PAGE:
Published in: 2005
Third International Conference on Ecological Sanitation, Durban, South Africa
Guness, M. et al.
The South African government has set as a strategic objective the provision of access to an appropriate, effective and sustainable sanitation service for all. The Ventilated Improved Pit Latrine (VIP) has been suggested as suitable for this purpose (DWAF, 2003). However VIPs have shown certain shortfalls as on-site sanitation services. A substitute for VIPs is a form of sanitation provision which relies on desiccation of the waste matter, thereby dramatically reducing the volume to be processed, reducing odour problems, and producing a sludge which can be worked using hand tools. These criteria are met by some of the ecological sanitation (ecosan) systems. These systems rely on separation of the urine and faecal components at source, desiccation of the faecal component, and potential agricultural re-use of both components as fertiliser and soil conditioner, respectively. However, none of the applications described have been tested sufficiently under conditions similar to those in Durban.
In an attempt to address the shortfalls of the VIP system with the necessary urgency, eThekwini Municipality have adopted a variation of ecological sanitation which, at present, uses the technology simply as an on-site sanitation system and does not consider any re-use possibilities. The system adopted by eThekwini Municipality provides a dignified enclosed superstructure containing a urinal and a toilet pedestal which allows for separation of the urine and faecal components. The urine is directed to a shallow soakaway and dissipates by a combination of evaporation and percolation. The faecal component is stored in an aboveground vault beneath the toilet. The design implemented by eThekwini provides for a double vault, with the pedestal to be moved from the first to the second vault when the first is filled. Sand is added after each deposition to counteract fly and odour problems and to promote drying. Once a vault is filled, the contents are left dormant for the period required for the second vault to fill. During this period the heap is intended to desiccate, contributing to pathogen die-off and to limited degradation of the waste. It is this latter component which remains untested under Durban conditions, where high rainfall and humidity, particularly during the summer months, may interfere with the desiccation process. An urgent research question is thus the drying rate in this dormant vault , and is addressed in another presentation.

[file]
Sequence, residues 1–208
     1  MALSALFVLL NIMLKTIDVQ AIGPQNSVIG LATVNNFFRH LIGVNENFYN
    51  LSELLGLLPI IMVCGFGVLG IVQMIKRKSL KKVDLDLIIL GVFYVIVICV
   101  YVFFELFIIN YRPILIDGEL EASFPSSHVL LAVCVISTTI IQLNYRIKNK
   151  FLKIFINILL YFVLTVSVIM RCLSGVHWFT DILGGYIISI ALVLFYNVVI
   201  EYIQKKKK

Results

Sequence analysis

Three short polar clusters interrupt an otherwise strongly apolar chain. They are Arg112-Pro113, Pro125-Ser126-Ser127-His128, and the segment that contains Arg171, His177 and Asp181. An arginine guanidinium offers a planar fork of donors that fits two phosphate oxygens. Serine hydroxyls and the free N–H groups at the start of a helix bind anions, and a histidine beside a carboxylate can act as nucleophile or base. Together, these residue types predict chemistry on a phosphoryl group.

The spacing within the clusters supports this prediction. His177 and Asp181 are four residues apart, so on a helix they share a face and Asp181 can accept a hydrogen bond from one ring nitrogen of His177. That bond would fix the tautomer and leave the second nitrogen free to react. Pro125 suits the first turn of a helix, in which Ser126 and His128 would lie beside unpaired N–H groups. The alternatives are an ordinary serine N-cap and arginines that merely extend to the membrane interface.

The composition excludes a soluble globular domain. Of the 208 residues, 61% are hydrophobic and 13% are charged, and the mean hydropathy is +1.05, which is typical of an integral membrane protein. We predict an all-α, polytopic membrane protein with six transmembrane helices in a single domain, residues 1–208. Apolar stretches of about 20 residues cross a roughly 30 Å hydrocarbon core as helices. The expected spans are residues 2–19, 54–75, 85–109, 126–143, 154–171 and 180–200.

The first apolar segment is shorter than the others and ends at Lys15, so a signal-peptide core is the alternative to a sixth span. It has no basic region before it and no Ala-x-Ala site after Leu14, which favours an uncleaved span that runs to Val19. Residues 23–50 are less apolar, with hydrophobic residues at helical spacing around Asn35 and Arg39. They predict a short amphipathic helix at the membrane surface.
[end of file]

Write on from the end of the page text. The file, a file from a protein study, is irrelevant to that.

The current recommendation of eThekwini Water and Sanitation for the fate of the vault contents, once the vault is emptied at the end of the dormant period, is burial on-site with planting of a tree above the site in order to mark it. A number of further research questions arise from this. Since the interior of the waste heap is likely to be dominated by anaerobic conditions, and since such conditions are likely to persist during burial, it is unknown at what rate the organic component of the buried waste will degrade. It is not clear if deep-rooted plants, planted above the site of burial, will be able to tolerate the anaerobic conditions of the degrading waste. Furthermore, it is not known whether persistent pathogens present in the waste – most particularly the eggs of helminth parasites such as Ascaris – will move upwards through the soil to the soil surface, will persist in the buried waste, or will move down through the soil and potentially contaminate groundwater. This study investigates growth of shallow and deep-rooted plants in soil above buried waste, degradation of the organic component of the waste, and the potential for buried pathogens to contaminate surface soil, plant matter growing in the soil and groundwater beneath the site of burial. It represents a joint initiative between the University of KwaZulu-Natal and eThekwini Municipality.
Guness, M. et al. (2005). Impact of buried urine diversion waste on environmental quality and plant growth. Third International Conference on Ecological Sanitation, Durban, South Africa
English Sub-Saharan Africa Urine diversion dehydration toilets (UDDTs)
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